The Velvet Rope Reissue: Remembering the Looks on the 25th Anniversary

by Erin Moonyeen Haley

The cover was iconic. And so were the fashions.


Twenty-five years ago, Janet Jackson’s The Velvet Rope debuted, and with it an aesthetic that merged the vintage professional with the ballsy sex kitten; the sophisticate with the poet. In celebration, the album has been re-released as a deluxe edition, complete with ten bonus tracks and B-side remixes of the rarely-heard gems, “Accept Me” and “God’s Stepchild”.

The album’s cover - photographed by Ellen von Unwert - is still coy but deeply meditative. Janet’s head is tilted down, her hair a cinnamon sunburst; her amber eyes are averted. The image remains an invitation to enter an entirely new world of liberation, of venting sexual appetites and excavating the self to the point that even the unconscious is somehow laid gossamer and bare.

Many ‘best of’ lists have hailed the album as exquisite genius. Rich in pathos, explorative of both depression and angst, Janet balances frailty with the testimonials of a survivor, vocalizing raw honesty with an unquenchable, unapologetic thirst for intimacy that forges an electric connection with fans. The fashions that juxtaposed the sounds remain just as potent as the music, scaffolding the entire experience with a visceral level of disclosure.


In the opening of The Velvet Rope tour, Janet wore the uniform of a circus ringleader who moonlights as a raver. The look featured a cropped, lipstick-red jacket (David Cardona) with oversized lapels and cuffs, and a Dolce & Gabbana zebra-striped shirt. The hair was pure punk with tiger stripes dyed Hawaiian punch-pink, creating a mohawk plumage that later fell loose into mermaid corkscrews.



Directed by Mark Romanek, the video for "Got Til It's Gone" took the acoustics of the Joni Mitchell hippie ode to nostalgia and revved it up just enough to create a bump-and-grind sonic sweet spot.

With Q-Tip chanting 'Joni Mitchell Never Lies' over Joni's soprano trill, the sepia setting was post-colonial Africa, circa the 1960s and 1970s. The costumes were relaxed but chic in their own vintage way. There were halter tops, suits with wide lapels, bell bottoms and disco shirts, all meant to evoke the photography of Malick Sidibé, a Malian artist whose photos captured scenes of celebration and boisterous nightlife. Janet is in synch with that groove in a halter top that was casually paired with a Santa Fe Leather Co. coat, a wrap-around army-green skirt and fortune-teller hoops.



In her bittersweet lamentation to friends lost to AIDS, "Together Again" was a reminder of one-day-someday reunions. Her ensemble included a transparent, green mesh tank worn beneath a mesh burnt orange top and over blousy grey trousers. Her braids are artful architecture as she sits amid a Sahara, while her dancers wear idiosyncratic prints and styles that attest to Janet's love of people embracing individuality.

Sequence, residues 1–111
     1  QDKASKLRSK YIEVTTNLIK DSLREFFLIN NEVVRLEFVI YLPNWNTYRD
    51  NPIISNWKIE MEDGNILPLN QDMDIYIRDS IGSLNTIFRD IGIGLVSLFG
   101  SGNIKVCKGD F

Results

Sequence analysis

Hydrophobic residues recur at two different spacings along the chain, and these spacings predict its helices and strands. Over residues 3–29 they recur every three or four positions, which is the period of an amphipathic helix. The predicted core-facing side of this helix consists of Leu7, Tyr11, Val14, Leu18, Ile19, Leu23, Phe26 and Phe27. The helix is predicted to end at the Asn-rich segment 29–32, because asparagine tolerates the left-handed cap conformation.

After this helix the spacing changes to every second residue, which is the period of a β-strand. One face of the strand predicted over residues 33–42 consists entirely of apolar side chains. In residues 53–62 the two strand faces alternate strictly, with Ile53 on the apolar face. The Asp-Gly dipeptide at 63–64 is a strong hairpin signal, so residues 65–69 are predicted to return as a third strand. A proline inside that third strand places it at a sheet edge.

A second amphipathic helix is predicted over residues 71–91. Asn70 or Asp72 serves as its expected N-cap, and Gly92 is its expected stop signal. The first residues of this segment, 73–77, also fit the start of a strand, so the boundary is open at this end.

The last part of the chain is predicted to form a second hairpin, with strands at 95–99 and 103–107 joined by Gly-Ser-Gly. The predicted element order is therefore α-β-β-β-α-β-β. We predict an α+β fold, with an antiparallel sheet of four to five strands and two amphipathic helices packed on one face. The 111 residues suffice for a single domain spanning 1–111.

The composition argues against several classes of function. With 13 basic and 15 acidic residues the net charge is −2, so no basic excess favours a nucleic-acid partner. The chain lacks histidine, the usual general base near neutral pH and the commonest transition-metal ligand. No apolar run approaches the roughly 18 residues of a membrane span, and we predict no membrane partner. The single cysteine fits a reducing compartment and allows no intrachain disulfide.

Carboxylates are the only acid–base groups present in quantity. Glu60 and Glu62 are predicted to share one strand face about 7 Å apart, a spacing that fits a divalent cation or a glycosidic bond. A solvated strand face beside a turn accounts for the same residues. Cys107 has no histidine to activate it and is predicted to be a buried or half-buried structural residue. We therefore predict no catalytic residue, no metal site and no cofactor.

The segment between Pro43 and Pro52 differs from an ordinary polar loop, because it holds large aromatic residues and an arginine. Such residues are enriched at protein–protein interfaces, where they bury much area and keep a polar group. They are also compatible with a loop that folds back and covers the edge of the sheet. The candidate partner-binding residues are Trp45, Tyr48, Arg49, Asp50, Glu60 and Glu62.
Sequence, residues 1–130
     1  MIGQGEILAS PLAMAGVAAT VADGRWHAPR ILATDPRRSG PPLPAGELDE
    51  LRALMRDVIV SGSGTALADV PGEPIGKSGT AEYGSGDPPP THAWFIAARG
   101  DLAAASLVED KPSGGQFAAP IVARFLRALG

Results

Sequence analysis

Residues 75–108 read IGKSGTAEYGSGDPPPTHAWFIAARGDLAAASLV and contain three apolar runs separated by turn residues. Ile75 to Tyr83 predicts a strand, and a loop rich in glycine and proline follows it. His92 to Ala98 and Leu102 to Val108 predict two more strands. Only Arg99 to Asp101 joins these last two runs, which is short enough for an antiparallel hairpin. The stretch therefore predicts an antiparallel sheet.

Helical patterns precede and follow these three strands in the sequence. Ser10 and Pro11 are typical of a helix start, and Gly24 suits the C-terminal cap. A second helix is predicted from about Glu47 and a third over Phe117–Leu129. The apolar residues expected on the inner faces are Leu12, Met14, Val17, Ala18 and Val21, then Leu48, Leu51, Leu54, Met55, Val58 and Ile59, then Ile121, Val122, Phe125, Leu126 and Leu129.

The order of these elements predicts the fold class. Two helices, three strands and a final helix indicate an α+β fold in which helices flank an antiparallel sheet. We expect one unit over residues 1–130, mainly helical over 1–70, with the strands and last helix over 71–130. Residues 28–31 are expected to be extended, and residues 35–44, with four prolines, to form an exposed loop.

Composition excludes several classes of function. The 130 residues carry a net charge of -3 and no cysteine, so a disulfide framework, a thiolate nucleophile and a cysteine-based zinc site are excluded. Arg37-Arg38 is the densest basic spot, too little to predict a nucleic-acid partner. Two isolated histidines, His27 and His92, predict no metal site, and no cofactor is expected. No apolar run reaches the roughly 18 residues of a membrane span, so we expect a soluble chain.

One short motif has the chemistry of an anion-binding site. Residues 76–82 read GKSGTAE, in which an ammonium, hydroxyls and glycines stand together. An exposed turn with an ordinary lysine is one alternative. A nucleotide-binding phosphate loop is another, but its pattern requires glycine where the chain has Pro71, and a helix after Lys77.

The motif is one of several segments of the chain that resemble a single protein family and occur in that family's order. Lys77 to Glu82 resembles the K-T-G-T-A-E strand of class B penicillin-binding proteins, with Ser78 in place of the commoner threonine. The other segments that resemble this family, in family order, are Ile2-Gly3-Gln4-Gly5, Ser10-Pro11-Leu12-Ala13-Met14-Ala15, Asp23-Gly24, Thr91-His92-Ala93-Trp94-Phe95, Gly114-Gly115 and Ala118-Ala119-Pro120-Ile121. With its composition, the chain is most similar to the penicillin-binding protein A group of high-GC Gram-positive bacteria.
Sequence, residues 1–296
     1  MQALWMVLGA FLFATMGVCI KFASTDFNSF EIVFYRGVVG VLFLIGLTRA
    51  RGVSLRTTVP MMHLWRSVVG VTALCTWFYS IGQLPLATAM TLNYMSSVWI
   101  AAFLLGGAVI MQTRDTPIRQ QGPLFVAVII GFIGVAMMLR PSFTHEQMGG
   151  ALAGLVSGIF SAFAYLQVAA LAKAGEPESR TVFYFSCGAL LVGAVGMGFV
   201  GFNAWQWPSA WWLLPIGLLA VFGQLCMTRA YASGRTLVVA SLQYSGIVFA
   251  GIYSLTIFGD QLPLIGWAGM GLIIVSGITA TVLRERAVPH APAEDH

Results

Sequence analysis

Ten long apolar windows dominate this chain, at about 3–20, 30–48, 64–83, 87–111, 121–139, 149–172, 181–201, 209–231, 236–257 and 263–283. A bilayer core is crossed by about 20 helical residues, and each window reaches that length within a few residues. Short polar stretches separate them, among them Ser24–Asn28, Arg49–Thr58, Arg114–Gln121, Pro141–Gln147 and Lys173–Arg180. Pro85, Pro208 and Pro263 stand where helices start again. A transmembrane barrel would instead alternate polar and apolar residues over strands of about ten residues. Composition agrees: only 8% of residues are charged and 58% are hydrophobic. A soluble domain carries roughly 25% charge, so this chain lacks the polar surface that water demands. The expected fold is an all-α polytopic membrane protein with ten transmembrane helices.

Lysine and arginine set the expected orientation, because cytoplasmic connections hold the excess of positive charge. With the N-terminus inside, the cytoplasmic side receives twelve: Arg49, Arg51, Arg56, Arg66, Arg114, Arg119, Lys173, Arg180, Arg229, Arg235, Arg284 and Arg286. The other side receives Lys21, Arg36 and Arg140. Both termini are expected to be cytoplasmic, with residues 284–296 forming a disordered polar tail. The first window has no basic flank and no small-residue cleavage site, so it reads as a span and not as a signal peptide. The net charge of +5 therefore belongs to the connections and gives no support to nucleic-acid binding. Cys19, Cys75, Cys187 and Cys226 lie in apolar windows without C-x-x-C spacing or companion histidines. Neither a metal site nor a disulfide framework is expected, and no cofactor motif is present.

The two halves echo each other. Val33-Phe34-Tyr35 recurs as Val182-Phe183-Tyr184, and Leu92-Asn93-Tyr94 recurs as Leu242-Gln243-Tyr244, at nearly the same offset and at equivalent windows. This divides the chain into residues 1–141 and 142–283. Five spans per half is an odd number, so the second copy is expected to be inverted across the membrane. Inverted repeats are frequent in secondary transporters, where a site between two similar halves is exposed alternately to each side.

"I Get Lonely" sharply deviated from its album predecessors. With a cognac-smooth tempo, the outfits played with gender expectations. There were cinching waist-biting corsets over white button-up shirts and fedoras that channeled both a gentlemen's touch and a gangster vibe.





Videos aside, the Velvet Rope tour carried a raucous element of burlesque, especially with a pole dancing routine where Miss Janet wore a long-sleeved black mesh top that cropped right at her toned abdomen, and that was set on proverbial fire with scarlet feathers at the wrists and the neck. A gold rope with bronze tassels completed the theatrical look with vaudevillian audacity.



A hallmark of Janet's concerts is that backup dancers received as much fashion love and care as its star. Costume sketches available on Julien's Auctions website reveal lavish designs by David Cardona full of a carnival of colors and models. Other designs feature the hallmark sleekness and oversized outrageous jackets that undercut the tour and the videos.









Offstage, her look stayed edgy, with her magenta-colored hair styled in pompoms and her hoop earrings as big as bracelets as she promoted her album and tour.

In the end, it is safe to say that The Velvet Rope eclipsed all other albums and tours in a way that is hard to explain yet easy to feel. While the lyrics tread into deeper waters than her previous eponymous album, the stylized looks were deliberate and precise, leaving no question that - on this anniversary of anniversaries - Janet doesn't simply perform, she reigns in any venue; a singer of bluesy dance halls and bombastic stadiums, summoning the spotlight even when artfully working with the shadows.

Images courtesy of Julien's Auctions and Vogue